The Prick of Conscience and the Imagination of Paradise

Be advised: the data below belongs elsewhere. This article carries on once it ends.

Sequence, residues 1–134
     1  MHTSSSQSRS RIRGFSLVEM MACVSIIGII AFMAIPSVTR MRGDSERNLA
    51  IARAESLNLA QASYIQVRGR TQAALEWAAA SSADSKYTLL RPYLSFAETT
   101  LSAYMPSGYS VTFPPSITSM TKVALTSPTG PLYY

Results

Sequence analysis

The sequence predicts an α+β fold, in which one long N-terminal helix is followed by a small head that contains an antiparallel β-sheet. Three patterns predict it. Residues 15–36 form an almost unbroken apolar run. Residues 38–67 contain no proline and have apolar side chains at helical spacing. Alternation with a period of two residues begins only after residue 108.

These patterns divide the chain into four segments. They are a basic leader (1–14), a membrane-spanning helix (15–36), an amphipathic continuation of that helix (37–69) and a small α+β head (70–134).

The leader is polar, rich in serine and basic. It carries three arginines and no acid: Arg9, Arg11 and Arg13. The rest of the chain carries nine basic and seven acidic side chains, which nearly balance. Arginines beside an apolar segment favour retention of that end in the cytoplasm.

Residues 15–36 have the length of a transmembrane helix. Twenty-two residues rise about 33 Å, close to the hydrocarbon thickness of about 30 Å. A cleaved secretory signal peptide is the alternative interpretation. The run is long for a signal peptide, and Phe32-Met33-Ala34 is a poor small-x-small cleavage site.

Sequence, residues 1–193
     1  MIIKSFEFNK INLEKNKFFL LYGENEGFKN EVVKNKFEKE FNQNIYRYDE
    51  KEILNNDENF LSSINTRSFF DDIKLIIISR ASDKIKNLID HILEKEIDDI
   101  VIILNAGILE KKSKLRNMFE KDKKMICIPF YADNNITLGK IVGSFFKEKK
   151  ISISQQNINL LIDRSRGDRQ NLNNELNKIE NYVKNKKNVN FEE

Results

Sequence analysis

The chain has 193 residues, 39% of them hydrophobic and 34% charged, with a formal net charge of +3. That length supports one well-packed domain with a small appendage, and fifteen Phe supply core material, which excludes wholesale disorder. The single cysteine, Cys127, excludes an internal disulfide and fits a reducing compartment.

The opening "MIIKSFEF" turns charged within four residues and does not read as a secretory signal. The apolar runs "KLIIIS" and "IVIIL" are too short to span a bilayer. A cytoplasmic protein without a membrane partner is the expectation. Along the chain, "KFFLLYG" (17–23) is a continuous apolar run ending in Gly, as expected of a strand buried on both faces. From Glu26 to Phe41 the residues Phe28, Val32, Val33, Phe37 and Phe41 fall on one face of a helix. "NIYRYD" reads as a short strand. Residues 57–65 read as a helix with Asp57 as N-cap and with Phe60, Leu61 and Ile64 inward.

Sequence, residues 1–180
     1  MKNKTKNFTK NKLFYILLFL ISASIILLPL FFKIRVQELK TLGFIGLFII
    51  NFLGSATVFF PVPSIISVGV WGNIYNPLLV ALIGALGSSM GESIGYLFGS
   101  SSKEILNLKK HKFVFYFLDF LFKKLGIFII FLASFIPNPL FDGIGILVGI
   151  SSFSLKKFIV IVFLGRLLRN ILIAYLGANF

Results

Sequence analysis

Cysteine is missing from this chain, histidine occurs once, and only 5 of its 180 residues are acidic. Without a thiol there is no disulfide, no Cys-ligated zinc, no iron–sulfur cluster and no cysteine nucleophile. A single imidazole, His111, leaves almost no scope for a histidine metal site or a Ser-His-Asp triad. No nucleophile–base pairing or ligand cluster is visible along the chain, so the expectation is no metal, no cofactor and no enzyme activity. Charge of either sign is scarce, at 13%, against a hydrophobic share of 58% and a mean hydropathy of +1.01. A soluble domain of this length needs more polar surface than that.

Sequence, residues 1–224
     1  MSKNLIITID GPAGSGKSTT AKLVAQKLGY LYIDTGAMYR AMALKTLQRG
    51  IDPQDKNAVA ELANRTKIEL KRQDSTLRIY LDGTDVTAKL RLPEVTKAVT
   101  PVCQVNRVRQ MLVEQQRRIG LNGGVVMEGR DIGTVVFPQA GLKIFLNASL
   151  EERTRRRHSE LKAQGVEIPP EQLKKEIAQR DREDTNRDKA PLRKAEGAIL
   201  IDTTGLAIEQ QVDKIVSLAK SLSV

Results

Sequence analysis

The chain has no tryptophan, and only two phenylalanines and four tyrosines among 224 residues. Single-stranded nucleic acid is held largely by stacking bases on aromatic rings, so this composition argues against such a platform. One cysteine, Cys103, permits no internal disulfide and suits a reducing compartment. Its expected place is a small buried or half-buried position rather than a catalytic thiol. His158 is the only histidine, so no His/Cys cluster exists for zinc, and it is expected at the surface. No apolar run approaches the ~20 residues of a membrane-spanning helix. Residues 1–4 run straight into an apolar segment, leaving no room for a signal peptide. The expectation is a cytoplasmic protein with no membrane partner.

In this essay for Ralph Hanna’s festschrift, Minnis examines the role of imagination in the Prick of Conscience, citing the text from Hanna and Sarah Wood’s amplified and corrected version of Richard Morris’s edition, published by the Early English Text Society in 2013. Drawing on recent work on the medieval theory of imagination, including Hanna’s own analysis of Ymaginatif in PPl, Minnis analyses the form imagination takes drawing examples from texts that range from Prick of Conscience and PPl to Milton via Bonaventure, Aquinas, and Gregory the Great. Minnis questions the relationship between imagination and Eden, paradise, and the patria and compares its pre- and post-lapsarian functions. His close analysis of the last part of The Prick of Conscience examines the relationship between memory and death and ability to imagine heaven through negative comparison.